Can drinking a glass of wine keep bedbugs away?
The insects created fewer eggs when they consumed blood with 200 proof ethanol in it compared to those that sipped alcohol-free blood.
Wed, May 30 2012 at 3:11 PM
The common bed bug mainly survives on human blood, but what happens when that human has upped his or her blood alcohol content with a few glasses of a nice red wine? New research from the University of Nebraska-Lincoln suggests bed bugs are not as fond of alcohol as their boozy hosts, which may lead to fewer bug bites.
According to the study, bed bugs prefer alcohol-free blood to blood with alcohol in it; the higher the blood alcohol concentration (BAC), the less the bugs eat. And, because there is a direct link between blood intake and reproduction rates, those bugs also lay fewer eggs.
"[Bed bugs] need a blood meal to grow and to molt and to reproduce," explained Ralph Narain, a Ph.D. candidate who conducted the work as part of his dissertation. "And one of their main hosts are humans, and we consume a lot of stuff. Alcohol was one of the easier ones to start with."
Narain presented the findings last week at the National Conference on Urban Entomology in Atlanta.
How bed bugs imbibe
While it's fun to imagine graduate students knocking back beers and feeding bed bugs on their arms, Narain took a more scientific approach in his experiment. He mixed 200 proof ethanol — the same compound estimated by a Breathalyzer — into four samples of expired blood from the Nebraska Blood Bank until he had BACs of 0.010, 0.025, 0.050 and 0.100 (0.08 is the legal limit for driving). A control sample contained no alcohol.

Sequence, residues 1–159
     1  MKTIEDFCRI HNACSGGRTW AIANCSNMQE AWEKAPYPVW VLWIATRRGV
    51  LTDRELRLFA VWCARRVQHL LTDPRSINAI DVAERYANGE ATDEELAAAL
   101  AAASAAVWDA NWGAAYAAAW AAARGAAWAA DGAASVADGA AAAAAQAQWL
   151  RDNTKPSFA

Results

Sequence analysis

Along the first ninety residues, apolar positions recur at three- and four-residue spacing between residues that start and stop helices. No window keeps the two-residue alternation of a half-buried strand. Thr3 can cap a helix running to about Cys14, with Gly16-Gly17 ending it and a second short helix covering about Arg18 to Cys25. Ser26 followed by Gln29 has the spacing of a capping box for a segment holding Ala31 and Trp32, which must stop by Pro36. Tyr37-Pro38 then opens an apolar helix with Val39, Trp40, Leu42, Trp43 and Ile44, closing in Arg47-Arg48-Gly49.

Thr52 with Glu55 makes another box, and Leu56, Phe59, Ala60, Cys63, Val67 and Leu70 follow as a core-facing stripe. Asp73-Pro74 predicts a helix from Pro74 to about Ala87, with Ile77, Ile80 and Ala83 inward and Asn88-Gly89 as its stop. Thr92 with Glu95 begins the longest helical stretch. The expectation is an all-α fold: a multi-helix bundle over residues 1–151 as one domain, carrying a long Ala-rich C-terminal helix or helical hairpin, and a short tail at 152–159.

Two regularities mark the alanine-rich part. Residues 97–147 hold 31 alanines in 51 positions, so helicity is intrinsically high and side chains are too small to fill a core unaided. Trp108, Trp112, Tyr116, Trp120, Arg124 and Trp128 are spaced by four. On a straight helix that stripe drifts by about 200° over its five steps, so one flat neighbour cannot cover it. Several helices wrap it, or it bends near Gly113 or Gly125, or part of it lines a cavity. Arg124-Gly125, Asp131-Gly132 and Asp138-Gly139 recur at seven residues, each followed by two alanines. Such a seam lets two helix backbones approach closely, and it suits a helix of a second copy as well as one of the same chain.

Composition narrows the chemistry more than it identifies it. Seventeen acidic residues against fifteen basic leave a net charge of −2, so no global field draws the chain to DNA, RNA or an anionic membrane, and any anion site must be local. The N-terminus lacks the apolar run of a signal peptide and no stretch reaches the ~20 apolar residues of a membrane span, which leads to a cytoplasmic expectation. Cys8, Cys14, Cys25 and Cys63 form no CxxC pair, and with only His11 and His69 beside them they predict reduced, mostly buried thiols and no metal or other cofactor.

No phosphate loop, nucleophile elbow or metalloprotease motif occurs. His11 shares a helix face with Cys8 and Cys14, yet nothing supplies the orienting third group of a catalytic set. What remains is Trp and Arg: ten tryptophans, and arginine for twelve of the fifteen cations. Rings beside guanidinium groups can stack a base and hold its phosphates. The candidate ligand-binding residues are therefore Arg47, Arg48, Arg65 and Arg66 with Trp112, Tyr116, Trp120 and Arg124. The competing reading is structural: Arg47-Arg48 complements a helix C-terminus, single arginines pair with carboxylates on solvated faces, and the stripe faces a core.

Next, he selected 20 adult bed bugs for each blood sample, weighed them, fed them their respective samples, and weighed them again. He repeated the experiment six times.
The average mass of the bed bugs that fed on the clean blood increased by over 100 percent. Those that fed on the blood with the lowest BAC, 0.010, increased just 60 percent, and the number decreased for each increase in alcohol. The bed bugs that fed on the 0.100 BAC sample went up a mere 12.5 percent.
As for the eggs, the control groups laid an average of 44 after the feeding, while those that fed on the highest BAC laid an average of just 12.
It's unclear whether the alcohol affected the adult bugs' behavior or their offspring's development, although future tests might attempt to measure both. Narain also plans to run tests on other drugs, although he wouldn't officially disclose which.
Way toward pest control?
So, can we just knock back a few glasses of wine every night to keep the bed bugs away? Probably not. "I'm not going to suggest someone should consume alcohol to control bed bugs," Narain said.
Ill health affects aside, it likely wouldn't help curb an infestation. While the bed bugs do feed less on alcohol-laced blood, they still feed, and while they lay fewer eggs, up to 95 percent still hatch. And it just takes a few to create a nuisance.
Dini Miller, an entomologist and bed bug expert from Virginia Tech, agreed: "I don't know what sort of implications it has ultimately, because unfortunately they still produce enough eggs to cause an infestation. So while they feed less, still, we're not going to experience less of a problem. But it's very interesting to know."
Brooke Borel is a contributor to Life's Little Mysteries, and is currently writing a book about bed bugs. For more crazy bed bugs stories, follow her on Twitter: @brookeborel
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